Come January 1, it will be legal for private citizens in Hawaii to own a Taser
HONOLULU (HawaiiNewsNow) - On January 1, it will be legal for private citizens in Hawaii to own a Taser.
It’s one of the laws that emerged from the legislative session and repeals Hawaii’s ban on electric guns for the public ― allowing them for self-defense, defending another person or protecting property.
Until the new law goes into effect, only law enforcement in Hawaii can use Tasers and stun guns.
Firearms advocates are calling the measure a victory while state lawmakers say the Legislature had to bow to the legal reality.
“There was a case on the continent putting serious doubt whether we could continue to have our ban on private ownership of so called electric guns,” said state Sen. and Judiciary Chair Karl Rhoads.
He has concerns about ordinary citizens armed with electric guns, but says lawmakers decided to move forward with regulation after court rulings made legalization inevitable.
“The courts have certain powers and in their wisdom have determined that electric guns fall under the Second Amendment,” said Rhoads.
Anthony Loui, assistant manager of Security Equipment Corporation, supports the new measure.
“I feel it is a positive step. It is another tool for a person to defend themselves,” he said.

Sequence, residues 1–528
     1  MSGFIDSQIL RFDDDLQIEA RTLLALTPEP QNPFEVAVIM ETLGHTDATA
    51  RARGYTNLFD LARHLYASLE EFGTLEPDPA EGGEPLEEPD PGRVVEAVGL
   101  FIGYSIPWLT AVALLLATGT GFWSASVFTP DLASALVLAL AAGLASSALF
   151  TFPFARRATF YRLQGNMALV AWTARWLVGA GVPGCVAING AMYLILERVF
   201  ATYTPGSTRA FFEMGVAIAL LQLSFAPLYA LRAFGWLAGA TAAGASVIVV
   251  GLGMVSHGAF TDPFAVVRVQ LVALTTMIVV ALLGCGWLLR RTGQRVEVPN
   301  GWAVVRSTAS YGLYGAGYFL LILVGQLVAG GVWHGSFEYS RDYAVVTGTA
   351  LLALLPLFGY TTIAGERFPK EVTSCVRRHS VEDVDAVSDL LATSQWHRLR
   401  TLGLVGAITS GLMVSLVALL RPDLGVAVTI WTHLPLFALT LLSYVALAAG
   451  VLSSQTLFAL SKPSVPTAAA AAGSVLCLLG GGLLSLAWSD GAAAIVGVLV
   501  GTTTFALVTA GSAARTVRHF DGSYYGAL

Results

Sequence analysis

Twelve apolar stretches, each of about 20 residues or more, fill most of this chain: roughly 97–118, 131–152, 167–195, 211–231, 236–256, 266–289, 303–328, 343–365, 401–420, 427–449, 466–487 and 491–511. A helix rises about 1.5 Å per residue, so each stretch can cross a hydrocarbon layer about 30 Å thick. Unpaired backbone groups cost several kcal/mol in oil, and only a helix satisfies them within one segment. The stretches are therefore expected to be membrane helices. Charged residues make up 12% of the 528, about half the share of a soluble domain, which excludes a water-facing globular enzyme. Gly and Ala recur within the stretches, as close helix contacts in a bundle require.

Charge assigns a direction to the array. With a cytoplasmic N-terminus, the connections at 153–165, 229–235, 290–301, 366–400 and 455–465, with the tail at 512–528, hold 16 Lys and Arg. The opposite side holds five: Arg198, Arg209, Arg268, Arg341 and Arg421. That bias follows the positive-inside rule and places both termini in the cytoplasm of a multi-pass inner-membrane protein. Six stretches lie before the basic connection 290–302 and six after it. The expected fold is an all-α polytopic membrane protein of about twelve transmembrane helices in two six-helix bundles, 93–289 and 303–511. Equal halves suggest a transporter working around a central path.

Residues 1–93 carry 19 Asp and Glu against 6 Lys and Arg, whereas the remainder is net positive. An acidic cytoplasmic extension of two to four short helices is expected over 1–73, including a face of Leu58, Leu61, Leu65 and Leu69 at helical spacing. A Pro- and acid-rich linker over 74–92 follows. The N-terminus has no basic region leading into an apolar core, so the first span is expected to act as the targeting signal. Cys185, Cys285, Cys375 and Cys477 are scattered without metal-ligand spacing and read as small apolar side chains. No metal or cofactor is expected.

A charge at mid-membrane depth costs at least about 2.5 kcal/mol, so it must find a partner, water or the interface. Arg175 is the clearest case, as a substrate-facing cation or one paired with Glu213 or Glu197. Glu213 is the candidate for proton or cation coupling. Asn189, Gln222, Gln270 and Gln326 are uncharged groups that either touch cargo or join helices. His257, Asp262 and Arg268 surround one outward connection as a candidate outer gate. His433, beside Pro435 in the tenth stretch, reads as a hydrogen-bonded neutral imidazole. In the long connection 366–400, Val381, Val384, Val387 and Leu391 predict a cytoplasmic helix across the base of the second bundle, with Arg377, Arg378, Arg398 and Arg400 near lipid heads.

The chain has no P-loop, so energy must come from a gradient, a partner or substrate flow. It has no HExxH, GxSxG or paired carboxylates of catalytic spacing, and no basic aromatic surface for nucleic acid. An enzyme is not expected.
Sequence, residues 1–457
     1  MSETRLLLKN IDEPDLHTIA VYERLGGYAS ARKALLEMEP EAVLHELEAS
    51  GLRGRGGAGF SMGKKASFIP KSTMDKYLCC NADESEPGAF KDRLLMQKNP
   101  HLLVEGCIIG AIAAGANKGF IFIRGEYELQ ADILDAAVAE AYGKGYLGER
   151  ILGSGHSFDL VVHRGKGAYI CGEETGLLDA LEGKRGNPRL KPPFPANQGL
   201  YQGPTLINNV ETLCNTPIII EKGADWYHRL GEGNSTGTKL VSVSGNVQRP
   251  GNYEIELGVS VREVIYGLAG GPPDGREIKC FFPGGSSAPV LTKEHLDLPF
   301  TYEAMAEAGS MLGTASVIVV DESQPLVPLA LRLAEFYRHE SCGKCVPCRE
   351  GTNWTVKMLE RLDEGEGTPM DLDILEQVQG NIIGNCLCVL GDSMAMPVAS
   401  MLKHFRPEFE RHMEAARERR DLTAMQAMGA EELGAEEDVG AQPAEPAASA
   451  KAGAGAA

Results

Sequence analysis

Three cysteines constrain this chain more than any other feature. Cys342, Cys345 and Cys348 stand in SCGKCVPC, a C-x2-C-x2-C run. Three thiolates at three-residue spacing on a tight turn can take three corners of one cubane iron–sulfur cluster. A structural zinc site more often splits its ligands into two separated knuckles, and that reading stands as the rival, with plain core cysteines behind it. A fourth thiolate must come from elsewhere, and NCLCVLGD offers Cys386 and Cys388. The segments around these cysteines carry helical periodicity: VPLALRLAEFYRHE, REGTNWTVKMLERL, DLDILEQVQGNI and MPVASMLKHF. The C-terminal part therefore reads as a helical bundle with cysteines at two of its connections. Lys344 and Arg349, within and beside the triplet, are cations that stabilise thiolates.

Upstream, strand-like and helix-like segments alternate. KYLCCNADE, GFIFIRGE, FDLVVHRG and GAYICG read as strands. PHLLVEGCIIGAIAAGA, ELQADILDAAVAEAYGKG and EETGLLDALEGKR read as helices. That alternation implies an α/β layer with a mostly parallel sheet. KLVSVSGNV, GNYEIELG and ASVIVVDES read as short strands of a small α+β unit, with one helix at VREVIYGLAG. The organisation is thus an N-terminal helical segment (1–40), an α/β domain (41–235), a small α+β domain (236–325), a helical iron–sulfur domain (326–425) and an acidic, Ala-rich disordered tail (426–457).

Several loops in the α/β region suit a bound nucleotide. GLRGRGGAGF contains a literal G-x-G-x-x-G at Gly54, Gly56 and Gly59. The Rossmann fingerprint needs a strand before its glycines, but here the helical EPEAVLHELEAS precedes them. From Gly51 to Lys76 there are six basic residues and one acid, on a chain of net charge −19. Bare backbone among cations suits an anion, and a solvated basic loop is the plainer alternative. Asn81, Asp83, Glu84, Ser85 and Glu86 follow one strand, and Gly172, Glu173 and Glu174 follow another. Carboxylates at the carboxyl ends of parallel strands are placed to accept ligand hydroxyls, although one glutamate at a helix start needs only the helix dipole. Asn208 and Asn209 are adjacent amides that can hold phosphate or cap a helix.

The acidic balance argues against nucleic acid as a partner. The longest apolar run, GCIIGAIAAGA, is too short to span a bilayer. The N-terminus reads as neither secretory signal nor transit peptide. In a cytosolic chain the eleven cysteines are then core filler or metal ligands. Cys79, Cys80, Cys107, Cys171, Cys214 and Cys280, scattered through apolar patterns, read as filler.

He added that demand is high for Tasers as gun sales have shot up during the pandemic. Unlike obtaining a gun, buyers won’t need a permit to get a Taser. But sellers will need to conduct background checks and provide safety training.
Loui says there’s still a lot to figure out about the new rules.
“How is this going to play out? What type of certifications are actually needed? How easy the process is going to be, licensing, all that jazz,” said Loui.
Andrew Namiki Roberts, of the Hawaii Firearms Coalition, had filed a lawsuit against the state saying he wanted to own a stun gun to protect himself and his expensive photography equipment.
Even though ownership will be legal in Hawaii, it is likely still illegal to carry the Taser with you.
So come January 1, Namiki Roberts is going to see for himself.
“My first step is to obtain one legally and test the law,” he said. “The fact that people in Hawaii will have a nonlethal method of self defense is very exciting for us.”
Governor Ige had signed HB 891 into law.
“This new law provides strict restrictions on the purchase, use, and transfer of an electric gun,” said the Office of the Special Assistant to the Attorney General.
Rhoads says carrying stun guns is covered under HRS 134-51 where it’s a crime to carry deadly weapons in most circumstances.
Rhode Island is the last state to ban private ownership of Tasers and it’s facing a lawsuit by the same attorney who spearheaded the Hawaii case.
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